Economy of Swansea

Economy of Swansea

The City and County of Swansea is an urban centre of regional importance [ [ Swansea 2020 Swansea's Economic Regeneration Strategy] ] with a largely rural hinterland in Gower. Swansea's Travel to Work Area, not coterminous with the local authority, also contains the Swansea Valley. Formerly an industrial centre, most employment in the city is now in the service sector.



In the late 18th and early 19th centuries, there were attempts to establish Swansea as a fashionable seaside resort. [Boorman, D. (1986) "The Brighton of Wales: Swansea as a fashionable seaside resort, c. 1780 - c. 1830". Swansea Little Theatre Company] An engraving of the town in 1818 is described as showing a place which was "distinctly Arcadian, reminiscent of a landscape by Claude sprinkled with civilised Georgian architecture". [ [ BBC - South West Wales Swansea - Exploring the Georgian buildings of Swansea ] ]

However, the growth of the metallurgical industry was to transform the town. The Lower Swansea valley was a favourable area for industrial development because of the proximity of Swansea's port, easy access to coal deposits, and a supply of cheap labour. While lead and zinc were also smelted in west Glamorgan, Swansea’s signature industry was copper. The first copper works was built at Landore in 1717. [ [ BBC - South West Wales Swansea - Exploring Georgian Swansea ] ] Initially copper ore was imported from Cornwall, Cardiganshire and Ireland, but by the 1820s Swansea was receiving shipments from as far afield as South America, Africa and Australia. The copper industry reached a zenith in the 1880s, when the majority of copper ores imported to Britain were shipped to Swansea and local works employed around 3000 men at any given time.Jenkins, P (1992) A History of Modern Wales 1536-1990. Harlow: Longman.]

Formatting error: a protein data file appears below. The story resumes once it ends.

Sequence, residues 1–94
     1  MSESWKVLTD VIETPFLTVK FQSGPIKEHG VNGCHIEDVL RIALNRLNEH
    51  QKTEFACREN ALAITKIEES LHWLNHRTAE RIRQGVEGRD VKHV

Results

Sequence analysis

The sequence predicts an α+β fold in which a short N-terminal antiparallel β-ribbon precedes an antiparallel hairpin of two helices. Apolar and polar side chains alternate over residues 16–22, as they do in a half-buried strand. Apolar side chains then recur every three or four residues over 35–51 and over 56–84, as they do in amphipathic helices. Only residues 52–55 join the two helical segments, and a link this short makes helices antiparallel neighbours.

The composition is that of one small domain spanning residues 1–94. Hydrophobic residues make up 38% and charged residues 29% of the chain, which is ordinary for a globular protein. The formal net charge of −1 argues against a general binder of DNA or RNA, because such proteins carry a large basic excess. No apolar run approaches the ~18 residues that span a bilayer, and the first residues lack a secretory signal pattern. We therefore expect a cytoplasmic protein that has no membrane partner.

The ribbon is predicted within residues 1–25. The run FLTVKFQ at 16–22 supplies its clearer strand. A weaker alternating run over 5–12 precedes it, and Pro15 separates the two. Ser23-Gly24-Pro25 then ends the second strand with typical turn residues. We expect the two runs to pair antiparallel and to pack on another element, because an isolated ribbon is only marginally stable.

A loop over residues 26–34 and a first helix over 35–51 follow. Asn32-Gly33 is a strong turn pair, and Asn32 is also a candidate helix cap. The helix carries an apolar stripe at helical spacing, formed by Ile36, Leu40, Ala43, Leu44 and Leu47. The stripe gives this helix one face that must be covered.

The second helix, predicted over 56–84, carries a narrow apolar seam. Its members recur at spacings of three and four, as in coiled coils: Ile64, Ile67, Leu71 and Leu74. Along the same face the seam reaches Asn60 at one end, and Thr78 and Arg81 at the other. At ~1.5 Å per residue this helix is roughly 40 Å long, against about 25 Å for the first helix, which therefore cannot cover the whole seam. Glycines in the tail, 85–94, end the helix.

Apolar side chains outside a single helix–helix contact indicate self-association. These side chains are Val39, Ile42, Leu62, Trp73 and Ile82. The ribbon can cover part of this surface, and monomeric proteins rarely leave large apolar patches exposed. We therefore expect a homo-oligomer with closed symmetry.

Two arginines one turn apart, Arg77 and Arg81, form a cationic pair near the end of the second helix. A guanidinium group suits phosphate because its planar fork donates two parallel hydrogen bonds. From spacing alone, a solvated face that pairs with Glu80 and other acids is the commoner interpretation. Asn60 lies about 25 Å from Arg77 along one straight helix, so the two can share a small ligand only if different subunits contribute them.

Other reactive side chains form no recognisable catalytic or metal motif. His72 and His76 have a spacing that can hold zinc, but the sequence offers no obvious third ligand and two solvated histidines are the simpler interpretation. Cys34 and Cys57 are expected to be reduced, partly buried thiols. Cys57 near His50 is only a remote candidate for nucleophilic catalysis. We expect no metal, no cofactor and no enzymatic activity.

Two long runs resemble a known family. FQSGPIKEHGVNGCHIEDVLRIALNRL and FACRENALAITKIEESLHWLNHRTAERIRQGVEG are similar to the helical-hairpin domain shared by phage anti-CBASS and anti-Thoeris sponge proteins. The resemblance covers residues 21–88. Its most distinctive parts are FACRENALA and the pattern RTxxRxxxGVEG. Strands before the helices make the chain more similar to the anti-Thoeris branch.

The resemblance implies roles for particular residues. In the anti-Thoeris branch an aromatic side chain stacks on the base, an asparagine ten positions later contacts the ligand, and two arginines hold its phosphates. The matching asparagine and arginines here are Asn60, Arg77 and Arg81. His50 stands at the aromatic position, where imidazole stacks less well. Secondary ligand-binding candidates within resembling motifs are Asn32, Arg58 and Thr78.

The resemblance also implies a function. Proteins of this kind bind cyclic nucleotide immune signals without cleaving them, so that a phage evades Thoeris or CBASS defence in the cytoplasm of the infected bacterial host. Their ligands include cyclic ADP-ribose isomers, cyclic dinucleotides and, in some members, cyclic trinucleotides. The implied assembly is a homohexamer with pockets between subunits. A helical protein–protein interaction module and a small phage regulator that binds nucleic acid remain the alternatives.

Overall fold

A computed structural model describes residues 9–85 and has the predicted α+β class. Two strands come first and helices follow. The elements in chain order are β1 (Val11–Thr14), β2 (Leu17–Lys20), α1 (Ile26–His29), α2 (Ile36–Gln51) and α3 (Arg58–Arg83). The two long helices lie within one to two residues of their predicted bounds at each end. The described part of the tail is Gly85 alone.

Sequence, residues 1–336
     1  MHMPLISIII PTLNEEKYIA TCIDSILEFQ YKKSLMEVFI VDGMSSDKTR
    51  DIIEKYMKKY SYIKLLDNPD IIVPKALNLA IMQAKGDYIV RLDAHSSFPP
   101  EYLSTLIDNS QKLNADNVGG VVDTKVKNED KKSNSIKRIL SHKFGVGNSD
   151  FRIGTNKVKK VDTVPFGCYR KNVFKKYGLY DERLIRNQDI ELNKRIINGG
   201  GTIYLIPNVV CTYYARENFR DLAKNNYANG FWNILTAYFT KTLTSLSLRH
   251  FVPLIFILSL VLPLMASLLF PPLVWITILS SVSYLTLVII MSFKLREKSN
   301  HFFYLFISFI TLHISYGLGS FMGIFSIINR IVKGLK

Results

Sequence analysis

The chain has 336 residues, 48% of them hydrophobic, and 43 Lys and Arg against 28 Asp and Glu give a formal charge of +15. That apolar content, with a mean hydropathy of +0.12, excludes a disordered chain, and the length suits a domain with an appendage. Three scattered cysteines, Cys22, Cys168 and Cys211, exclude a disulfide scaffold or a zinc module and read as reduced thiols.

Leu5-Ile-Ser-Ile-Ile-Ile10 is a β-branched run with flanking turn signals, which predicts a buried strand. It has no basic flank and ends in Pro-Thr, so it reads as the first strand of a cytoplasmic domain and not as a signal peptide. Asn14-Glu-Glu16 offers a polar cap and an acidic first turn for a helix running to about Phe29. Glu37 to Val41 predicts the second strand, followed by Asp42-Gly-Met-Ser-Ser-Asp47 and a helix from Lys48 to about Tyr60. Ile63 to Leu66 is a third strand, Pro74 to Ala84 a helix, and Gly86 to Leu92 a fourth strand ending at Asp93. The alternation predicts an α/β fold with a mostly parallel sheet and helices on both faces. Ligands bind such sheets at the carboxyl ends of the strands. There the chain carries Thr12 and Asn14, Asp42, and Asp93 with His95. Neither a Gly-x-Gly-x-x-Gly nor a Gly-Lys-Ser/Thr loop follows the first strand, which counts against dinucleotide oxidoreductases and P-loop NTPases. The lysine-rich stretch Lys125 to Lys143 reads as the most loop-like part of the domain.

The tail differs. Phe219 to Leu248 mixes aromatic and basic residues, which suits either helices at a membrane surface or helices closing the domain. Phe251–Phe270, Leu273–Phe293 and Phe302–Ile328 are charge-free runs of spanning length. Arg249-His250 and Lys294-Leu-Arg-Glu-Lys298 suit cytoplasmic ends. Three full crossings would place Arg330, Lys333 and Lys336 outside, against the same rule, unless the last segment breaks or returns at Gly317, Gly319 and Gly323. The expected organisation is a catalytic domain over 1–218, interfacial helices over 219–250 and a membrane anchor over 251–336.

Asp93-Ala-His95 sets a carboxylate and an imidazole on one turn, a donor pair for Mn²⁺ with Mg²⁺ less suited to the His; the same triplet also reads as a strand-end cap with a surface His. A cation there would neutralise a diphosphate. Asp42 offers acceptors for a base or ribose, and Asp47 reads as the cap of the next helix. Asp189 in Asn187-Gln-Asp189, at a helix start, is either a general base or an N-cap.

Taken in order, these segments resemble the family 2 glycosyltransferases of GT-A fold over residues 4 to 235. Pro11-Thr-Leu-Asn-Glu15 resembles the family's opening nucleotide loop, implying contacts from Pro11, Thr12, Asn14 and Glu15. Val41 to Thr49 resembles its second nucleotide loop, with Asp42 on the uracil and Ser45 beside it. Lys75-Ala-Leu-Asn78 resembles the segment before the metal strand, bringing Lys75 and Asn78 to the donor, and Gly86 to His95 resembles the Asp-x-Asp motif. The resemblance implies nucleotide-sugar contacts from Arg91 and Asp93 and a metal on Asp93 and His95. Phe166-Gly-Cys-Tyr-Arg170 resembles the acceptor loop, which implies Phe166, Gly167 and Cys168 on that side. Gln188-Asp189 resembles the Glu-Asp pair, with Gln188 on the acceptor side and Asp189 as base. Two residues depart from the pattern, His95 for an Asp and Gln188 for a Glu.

From the 1870s, tinplate also became a major local industry, pioneered by the Siemens works at Landore. Tinplate production stimulated the further expansion of Swansea port with the opening of the Prince of Wales dock, to be used mainly for tinplate export, in 1882. The location of new tinplate works confirmed the steel industry’s increasing preference for coastal sites near ports. However, the Welsh tinplate industry was dependent on exporting to the American market, and suffered serious implications from the imposition of the McKinley tariff in 1890. [Miskell, L (2004) Swansea Bay 1904, Old Ordnance Survey Maps. England & Wales Sheet 247]